The rock ‘n’ roll era started in the ’50s and has spawned all sorts of offshoots of “rock” in the seven decades of music since, including hard rock and metal. But how long was it into the rock ‘n’ roll era before the first rock ‘n’ roll movie came along? Well, that depends on how you define a rock ‘n’ roll movie.
Did the First Rock ‘n’ Roll Film Coincide With the Birth of the Rock ‘n’ Roll Era?
Many will credit Blackboard Jungle as the first rock ‘n’ roll film, especially given that the song “Rock Around the Clock” by Bill Haley and the Comets appeared under the opening credits of the March 1955 film. That song in particular is often credited by many historians as the start of the rock ‘n’ roll era by many, based off the success it achieved in bringing the new style of music called rock ‘n’ roll to the forefront.
But the song almost never became a smash hit at all. The track was initially issued in May 1954 as the b-side to “Thirteen Women (and Only One Man in Town).” It failed to make the Cashbox music charts at the time, and was considered a bit of a flop. But the song’s usage in Blackboard Jungle is what eventually catapulted the interest in the song.
In “Rock Around the Clock: The Record That Started the Rock Revolution,” author Jim Dawson notes that film star Glenn Ford turned to his son Peter’s record collection for musical inspiration, trying to pick out a song that represented the vibe of music the youth of 1955 were experiencing as this new style of music was taking off.
Once the film debuted, the use of “Rock Around the Clock” signified for many the first time they’d heard this new style of music represented in a major motion picture, which in turn led to the boost in interest.
But some will argue that Blackboard Jungle is not a rock ‘n’ roll film despite its usage of the rock era defining track at the beginning of the film. This would be because it was more of a dramatic feature, starring Glenn Ford as Richard Dadier, the new teacher at a rough inner-city high school with kids from diverse ethnic backgrounds. The teachers in the film struggled to keep order against a growing sentiment of anti-social behavior displayed by the students that include such future acting superstars as Sidney Poitier and Vic Morrow. And while rock music may have opened the film and been a perfect compliment to the sense of unrest in the movie, the film itself didn’t really factor in rock music per se into the plotline.
If Blackboard Jungle Isn’t the First Rock Movie, What Is?
It would be a little over a year-and-a-half from Blackboard Jungle before Hollywood truly started tapping into the rock craze, but when they did it happened quickly. In the month of December 1956, a trio of films graced the big screen, each with rock music related elements factoring into the plot and even some of the day’s new superstars appearing the movies.
The first was The Girl Can’t Help It, also known as Do-Re-Mi, starring well established actors Jayne Mansfield, Tom Ewell and Edmond O’Bryan. The film was more of a musical comedy with Mansfield starring as the girlfriend of a mob boss who has written a song while in prison and feels she could be the perfect singer to make it a success. Turning her career over to an agent, she’s then introduced into the music industry. But the journey into the industry features several personal complications along the way.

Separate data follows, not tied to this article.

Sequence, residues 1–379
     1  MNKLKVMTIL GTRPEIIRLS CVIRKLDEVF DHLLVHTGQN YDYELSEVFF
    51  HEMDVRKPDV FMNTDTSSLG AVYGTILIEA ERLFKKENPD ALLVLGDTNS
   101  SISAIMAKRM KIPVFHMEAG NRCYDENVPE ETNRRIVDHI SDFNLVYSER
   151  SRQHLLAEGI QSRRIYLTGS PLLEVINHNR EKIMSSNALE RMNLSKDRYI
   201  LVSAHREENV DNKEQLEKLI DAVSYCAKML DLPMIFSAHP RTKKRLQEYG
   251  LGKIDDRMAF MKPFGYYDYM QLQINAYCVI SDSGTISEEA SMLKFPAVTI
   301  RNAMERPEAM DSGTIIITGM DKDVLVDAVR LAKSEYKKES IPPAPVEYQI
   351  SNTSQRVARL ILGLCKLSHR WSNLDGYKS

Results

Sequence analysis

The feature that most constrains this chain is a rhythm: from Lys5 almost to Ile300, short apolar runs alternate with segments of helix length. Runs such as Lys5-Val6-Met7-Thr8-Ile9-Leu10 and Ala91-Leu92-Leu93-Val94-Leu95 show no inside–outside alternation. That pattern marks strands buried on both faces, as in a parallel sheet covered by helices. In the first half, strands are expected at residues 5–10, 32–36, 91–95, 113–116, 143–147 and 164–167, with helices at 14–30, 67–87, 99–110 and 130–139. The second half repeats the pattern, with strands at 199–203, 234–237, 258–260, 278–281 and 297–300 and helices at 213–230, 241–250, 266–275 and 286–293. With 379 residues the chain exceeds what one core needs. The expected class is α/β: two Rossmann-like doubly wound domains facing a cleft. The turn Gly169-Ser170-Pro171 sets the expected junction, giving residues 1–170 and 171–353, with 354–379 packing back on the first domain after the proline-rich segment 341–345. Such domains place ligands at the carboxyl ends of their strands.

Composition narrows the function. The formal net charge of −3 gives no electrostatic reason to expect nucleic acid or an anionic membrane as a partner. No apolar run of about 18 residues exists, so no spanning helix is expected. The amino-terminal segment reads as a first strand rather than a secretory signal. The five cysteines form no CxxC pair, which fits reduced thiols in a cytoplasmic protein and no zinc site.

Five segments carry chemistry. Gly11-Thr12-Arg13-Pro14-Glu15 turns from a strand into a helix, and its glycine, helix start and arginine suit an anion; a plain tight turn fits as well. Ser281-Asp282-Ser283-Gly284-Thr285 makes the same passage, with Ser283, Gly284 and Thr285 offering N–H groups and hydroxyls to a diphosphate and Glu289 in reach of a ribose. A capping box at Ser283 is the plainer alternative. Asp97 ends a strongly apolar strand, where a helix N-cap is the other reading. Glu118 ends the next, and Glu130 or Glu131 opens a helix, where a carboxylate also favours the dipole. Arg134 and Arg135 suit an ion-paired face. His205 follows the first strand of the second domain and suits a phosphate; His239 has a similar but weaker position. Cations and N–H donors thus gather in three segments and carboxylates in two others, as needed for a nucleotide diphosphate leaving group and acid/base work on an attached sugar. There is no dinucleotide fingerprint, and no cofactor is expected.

The film itself had Little Richard singing the title song, and features a wealth of modern day musicians such as Nino Tempo, Eddie Fontaine, Julie London, Gene Vincent and the Blue Caps, Eddie Cochrane, Ray Anthony Orchestra, Fats Domino and the Platters. It was shot in Technicolor, bringing more vibrancy to the audience and can be viewed as the first rock ‘n’ roll film if you discount Blackboard Jungle.
As stated, this was the first of a few new rock ‘n’ roll films all arriving around the same time. Rock! Rock! Rock!, a musical drama, arrived on Dec. 7, 1956, a week after The Girl Can’t Help It. It centered on a teen girl’s (Tuesday Weld) quest to get enough money together to buy a strapless gown for the prom. The film featured notable rock DJ Alan Freed, while showcasing Chuck Berry, The Flamingos, The Moonglows, Frankie Lymon and the Teenagers and more stars of the day. And singing star Connie Francis provided the vocals for Tuesday Weld when her character sang onscreen.
The trio of rock films in December 1956 was rounded out with Don’t Knock the Rock, which was released on Dec. 14, 1956. In this film, Alan Freed once again starred as a disc jockey attempting to prove to the parents of the town that rock ‘n’ roll music was harmless and wouldn’t turn their kids into juvenile delinquents. Bill Haley and the Comets were joined in the film by other recording stars such as Little Richard, Dave Appell and The Applejacks and The Treniers.
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So depending on how you define a rock ‘n’ roll film, the first of rock movie was either Blackboard Jungle or Girl Can’t Help It, with several others following close behind.
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